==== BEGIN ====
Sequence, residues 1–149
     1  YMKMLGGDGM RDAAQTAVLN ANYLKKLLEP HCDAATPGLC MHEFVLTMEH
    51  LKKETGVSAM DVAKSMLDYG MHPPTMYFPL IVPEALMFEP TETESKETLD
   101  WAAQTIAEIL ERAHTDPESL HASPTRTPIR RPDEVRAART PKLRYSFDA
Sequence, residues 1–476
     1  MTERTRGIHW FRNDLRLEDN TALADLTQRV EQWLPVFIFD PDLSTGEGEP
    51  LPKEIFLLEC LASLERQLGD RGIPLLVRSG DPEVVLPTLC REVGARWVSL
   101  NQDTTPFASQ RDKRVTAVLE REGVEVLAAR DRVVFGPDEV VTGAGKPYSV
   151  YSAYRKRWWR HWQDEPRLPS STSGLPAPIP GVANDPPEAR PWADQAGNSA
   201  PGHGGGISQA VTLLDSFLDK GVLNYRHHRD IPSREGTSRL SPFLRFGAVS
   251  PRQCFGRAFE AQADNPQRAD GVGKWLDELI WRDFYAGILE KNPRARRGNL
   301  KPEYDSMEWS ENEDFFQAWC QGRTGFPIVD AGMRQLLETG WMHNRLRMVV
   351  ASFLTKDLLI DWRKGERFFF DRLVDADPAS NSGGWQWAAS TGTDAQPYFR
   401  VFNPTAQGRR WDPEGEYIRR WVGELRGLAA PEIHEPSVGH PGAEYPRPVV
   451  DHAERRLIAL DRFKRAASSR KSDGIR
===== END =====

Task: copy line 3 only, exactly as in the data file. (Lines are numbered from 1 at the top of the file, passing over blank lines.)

    51  LKKETGVSAM DVAKSMLDYG MHPPTMYFPL IVPEALMFEP TETESKETLD